Hoffmann also insists on free minibars, “and we are going to start designing rooms with refill stations in destinations with excellent drinking water. We are creating spaces for summer-long stays in a city, for people tired of AirBnB.”

While the sleep aspect is key – particularly for someone like me, plagued with insomnia – studies in the industry suggest that slumber is no longer the main purpose of a hotel room. Rob Wageman is the founder and creative director of Concrete, which designed The BoTree in Marylebone (double rooms from £630 per night).

The BoTree, Marylebone
A guest room at The BoTree in Marylebone

“Sleep isn’t the main purpose of the space anymore,” he says. “Our reinvented guest room at The BoTree is a great example; we eliminated the traditional bathroom box and created a much more open plan, flexible space which guests can use in many ways during the day.”

The mood of a room is, of course, dictated by the design. The YOTEL chain (double room at its Shoreditch hotel from £92) is all about high tech innovation, but at the core is “intuitive design and calming colours and mood lighting”, says their VP of Technical Services. “We are based in bustling city centres, so we need to create a contrast. We also maximise efficiency with our SmartBed, which reclines from a sofa to a Queen-sized bed at the touch of a button. We have rooms as small as 13m². Reduced in size does not mean a reduced experience.”

The word “intuitive” should really be seen as the most important directive for any hotel designer. “The fact is that many guests only visit a hotel once or a few times, unlike a home,” says Helena Toresson, one of the architects at Wingårdhs, which created the new Nobis hotel in Palma (double rooms from £180 per night), a member of Design Hotels. “The worst thing we can do is make the guest feel stupid. We make everything simple and focus on incorporating elements of global and local craftsmanship, to show attention to detail and an overall experience that is more sensual than loud.”

Rooms at YOTEL are minimal in contrast to their bustling city centre locations
Rooms at YOTEL are minimal in contrast to their bustling city centre locations - Yotel Shoreditch

It’s interesting to remember what seemed essential in every hotel room, which now does not. The trouser press and Gideon Bible have both vanished. But wouldn’t a steamer for the clothes that have just had a long-haul flight be great? I don’t care how often I hear the advice about hanging my clothes up in the bathroom and turning the shower on hot – it doesn’t generate enough steam, it’s not going directly onto fabric, and all you’re doing is wasting hot water. I was beyond thrilled to discover a Steamery Cirrus 3 in a drawer at No. 42 in Margate. I have one at home. It’s a thing of beauty.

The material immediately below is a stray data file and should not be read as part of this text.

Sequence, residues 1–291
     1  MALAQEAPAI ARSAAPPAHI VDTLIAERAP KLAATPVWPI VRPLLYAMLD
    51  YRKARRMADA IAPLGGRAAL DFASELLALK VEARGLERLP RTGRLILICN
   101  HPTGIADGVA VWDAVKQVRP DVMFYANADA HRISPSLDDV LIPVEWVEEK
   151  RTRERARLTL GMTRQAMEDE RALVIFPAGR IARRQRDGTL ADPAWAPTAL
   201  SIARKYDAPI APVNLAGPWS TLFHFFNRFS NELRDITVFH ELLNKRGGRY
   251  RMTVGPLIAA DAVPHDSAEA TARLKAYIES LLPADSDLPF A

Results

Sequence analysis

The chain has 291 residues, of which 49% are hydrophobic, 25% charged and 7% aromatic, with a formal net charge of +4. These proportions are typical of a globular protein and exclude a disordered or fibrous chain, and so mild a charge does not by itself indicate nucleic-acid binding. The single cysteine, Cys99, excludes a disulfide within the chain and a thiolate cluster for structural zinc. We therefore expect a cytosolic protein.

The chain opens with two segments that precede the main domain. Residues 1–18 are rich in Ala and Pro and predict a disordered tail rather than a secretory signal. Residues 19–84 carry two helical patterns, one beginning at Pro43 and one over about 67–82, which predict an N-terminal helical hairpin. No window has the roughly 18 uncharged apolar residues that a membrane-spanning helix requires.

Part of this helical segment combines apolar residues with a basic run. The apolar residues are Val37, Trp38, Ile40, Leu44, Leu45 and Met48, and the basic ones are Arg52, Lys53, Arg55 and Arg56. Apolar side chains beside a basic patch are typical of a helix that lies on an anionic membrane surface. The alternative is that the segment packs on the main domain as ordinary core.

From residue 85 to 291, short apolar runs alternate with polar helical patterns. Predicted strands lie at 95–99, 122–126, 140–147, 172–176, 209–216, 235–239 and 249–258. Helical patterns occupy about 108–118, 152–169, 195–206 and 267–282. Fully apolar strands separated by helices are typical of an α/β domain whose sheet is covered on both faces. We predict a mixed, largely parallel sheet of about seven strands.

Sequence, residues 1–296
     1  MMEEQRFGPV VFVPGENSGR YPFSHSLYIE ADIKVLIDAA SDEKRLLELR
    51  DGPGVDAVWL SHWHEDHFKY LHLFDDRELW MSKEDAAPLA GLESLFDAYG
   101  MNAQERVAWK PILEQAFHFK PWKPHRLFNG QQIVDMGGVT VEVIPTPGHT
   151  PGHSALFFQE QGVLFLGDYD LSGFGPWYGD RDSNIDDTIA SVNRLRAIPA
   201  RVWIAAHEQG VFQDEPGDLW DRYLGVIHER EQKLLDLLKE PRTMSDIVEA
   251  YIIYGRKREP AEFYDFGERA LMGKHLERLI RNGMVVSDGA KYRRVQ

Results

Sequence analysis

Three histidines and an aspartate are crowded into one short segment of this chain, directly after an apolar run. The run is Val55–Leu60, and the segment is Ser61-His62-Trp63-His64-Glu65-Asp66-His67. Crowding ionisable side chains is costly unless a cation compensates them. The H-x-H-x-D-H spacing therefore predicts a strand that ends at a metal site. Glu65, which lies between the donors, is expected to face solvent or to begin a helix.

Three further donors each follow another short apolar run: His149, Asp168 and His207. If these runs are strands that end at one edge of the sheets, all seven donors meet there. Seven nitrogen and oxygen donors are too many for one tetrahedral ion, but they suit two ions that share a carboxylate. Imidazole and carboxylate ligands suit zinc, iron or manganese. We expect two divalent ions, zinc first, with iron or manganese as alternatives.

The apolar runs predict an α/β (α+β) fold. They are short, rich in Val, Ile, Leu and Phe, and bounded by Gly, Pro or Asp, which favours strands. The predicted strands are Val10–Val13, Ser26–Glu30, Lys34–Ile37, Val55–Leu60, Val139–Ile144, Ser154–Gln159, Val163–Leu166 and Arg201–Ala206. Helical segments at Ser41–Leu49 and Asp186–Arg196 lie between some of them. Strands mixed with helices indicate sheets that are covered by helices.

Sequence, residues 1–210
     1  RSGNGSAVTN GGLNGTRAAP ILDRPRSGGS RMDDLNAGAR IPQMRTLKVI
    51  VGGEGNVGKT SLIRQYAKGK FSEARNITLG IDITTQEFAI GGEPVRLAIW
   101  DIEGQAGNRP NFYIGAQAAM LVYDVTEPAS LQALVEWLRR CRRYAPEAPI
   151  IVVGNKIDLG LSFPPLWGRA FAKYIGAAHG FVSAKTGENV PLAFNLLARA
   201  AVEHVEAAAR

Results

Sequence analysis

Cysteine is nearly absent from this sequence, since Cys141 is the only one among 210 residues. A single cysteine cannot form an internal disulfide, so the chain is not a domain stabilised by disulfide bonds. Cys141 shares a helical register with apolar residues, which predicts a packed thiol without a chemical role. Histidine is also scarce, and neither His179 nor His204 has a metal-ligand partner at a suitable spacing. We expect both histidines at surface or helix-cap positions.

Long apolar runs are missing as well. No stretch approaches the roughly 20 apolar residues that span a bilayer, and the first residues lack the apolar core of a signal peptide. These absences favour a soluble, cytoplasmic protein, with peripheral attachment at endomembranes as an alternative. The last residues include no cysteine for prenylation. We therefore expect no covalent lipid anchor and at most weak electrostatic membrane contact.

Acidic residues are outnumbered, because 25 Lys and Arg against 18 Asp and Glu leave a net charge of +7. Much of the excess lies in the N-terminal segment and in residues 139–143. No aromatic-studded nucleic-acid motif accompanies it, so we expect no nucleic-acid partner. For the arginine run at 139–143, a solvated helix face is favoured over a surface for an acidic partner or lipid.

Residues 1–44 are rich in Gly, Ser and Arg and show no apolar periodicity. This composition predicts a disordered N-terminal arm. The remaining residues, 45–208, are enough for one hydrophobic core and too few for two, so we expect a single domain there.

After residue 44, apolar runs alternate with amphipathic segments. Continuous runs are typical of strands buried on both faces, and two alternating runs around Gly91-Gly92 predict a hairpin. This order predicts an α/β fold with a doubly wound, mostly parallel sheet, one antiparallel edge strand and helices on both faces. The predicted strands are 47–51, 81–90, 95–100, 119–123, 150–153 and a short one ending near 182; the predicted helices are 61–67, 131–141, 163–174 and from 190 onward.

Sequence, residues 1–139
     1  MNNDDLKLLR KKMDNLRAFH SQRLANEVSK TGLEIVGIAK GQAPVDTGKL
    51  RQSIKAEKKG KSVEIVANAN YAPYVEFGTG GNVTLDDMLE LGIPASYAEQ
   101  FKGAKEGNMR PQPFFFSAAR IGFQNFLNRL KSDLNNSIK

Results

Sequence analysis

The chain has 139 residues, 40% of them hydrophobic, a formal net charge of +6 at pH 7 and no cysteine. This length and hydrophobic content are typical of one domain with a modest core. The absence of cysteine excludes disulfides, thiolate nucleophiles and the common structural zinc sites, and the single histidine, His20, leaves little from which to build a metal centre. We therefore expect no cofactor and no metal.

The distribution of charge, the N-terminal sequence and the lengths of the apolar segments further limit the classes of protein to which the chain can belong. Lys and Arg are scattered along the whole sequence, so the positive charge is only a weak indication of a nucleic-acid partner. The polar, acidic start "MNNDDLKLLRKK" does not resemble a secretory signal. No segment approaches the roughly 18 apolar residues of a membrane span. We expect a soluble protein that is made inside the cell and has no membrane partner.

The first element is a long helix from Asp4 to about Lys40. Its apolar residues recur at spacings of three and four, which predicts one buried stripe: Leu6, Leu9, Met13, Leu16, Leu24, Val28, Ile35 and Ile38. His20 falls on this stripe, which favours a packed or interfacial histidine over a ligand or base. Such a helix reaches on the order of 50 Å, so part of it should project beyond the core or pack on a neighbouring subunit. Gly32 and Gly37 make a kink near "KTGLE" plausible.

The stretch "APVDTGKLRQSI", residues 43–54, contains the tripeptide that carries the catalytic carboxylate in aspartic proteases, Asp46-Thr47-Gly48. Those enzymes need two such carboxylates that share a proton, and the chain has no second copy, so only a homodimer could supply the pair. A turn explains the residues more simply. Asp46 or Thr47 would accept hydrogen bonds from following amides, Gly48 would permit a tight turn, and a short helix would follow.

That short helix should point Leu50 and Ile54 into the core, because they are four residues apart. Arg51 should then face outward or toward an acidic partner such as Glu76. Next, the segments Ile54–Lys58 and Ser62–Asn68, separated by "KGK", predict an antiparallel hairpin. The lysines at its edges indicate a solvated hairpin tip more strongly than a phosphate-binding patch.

The biggest changes in hotel design might be more subtle than giving me that steamer as a default. In the latest survey by Design Hotels, 60 per cent of travellers said they were actively increasing daily wellness rituals. That might be yoga, or 15 minutes with a meditation app.

Sarah Doyle, VP Global Brand Leader at Design Hotels, believes properties are going to go deep with design possibilities in this area: “How this translates to in-room amenities will touch every aspect of the guest experience,” she says. “From laying thoughtful design foundations utilising neuroaesthetics and circadian lighting; to incorporating meditation chairs and furniture to encourage mindfulness and moments of calm; to highly personalised wellness programs that promote mental wellbeing and long-lasting vitality – from sauna blankets, to vitamins, and custom-branded products.”

But hopefully there’ll be a steamer too.


What would be in your dream hotel room? Tell us in the comments section below